# 1017: Backward in Time

Backward in Time |

Title text: People tell me I have too much time on my hands, but really the problem is that there's too much time, PERIOD. |

Clicking the image at xkcd.com links to this spreadsheet, which Randall used to calculate the times and dates for the comic. It also has a lot of other percentages and dates, so take a look if you are interested.

## Explanation[edit]

Cueball/Randall creates this formula which helps him wait for long stretches of time which goes increasingly faster into the past as more time goes by, which gives him the effect of looking like the time goes by quickly. Which assists in the waiting process.

As far as the actual math is concerned, the formula is an exponential function (i.e. the variable appears in the exponent). The effect that the function grows faster and faster as p grows, is due to T(p) being exponential. More precisely, when you repeatedly add some constant to the exponent, you will repeatedly multiply some (other) constant with the value of the function. Compare how "slow" a value grows by adding even high values (1, 1001, 2001, 3001, 4001, 5001…) and how fast it grows by multiplying even low values (1, 10, 100, 1000, 10000, 100000…)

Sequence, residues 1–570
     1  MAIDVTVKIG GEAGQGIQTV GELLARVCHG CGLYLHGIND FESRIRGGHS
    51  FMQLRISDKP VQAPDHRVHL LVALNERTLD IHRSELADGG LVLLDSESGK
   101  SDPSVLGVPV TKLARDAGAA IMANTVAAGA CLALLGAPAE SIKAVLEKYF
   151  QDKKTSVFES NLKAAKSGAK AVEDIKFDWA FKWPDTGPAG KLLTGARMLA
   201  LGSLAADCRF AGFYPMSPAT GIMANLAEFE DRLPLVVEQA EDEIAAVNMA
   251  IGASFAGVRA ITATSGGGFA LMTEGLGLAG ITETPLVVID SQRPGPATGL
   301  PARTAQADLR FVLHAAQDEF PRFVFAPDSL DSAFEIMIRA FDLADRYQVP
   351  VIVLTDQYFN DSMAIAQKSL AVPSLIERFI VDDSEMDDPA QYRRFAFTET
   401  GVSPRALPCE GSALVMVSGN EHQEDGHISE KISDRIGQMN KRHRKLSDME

Now, the function has to be adjusted so that, as Randall put it, "the time spent in each part of the past is loosely proportional to how well I know it." The most important adjustment is putting p to the power of three. That lowers the amount added to the exponent for low values (0.1³=0.001, 0.2³=0.008, i.e. only 7/1000 have been added for 10% workflow) and increases the amount for high values (0.8³=0.512, 0.9³=0.729, i.e. more than 1/5 has been added for 10% workflow). That means the recent past will pass even slower and the historic past even faster than it already does by choosing an exponential function. The remaining adjustments are technical. The coefficient in front of p³ adjusts the constant by which the result will be multiplied while adding some constant to p, while it also roughly ensures that p=1 yields the lifetime of the universe. The 3 added to the product in the exponent further adjusts the actual values of the power without touching the slope (the multiplicative constant). In the parentheses, e³ is subtracted to put the time to 0 when p=0. Otherwise the function would start approx. 20 yrs and 1 month ago. For bigger p, this offset does not matter much. Imagine subtracting 20 yrs from the lifetime of the universe!

Finally, the result is subtracted from the current date for aesthetical reasons. The formula could tell you "20 yrs ago", or it could read "February 1992". Randall decided the latter would be better.

The punchline "Swoosh!" is about how fast the last few percents of Cueball's download happen in "such a rush". For most humans waiting for a download to complete tends to become really boring and progress would instead seem to get slower and slower.

(Also, the workout website, Fitocracy has been mentioned previously in xkcd.)

Note that as of the time that this page was last cached, the comic was uploaded at 12.19702765133% progress.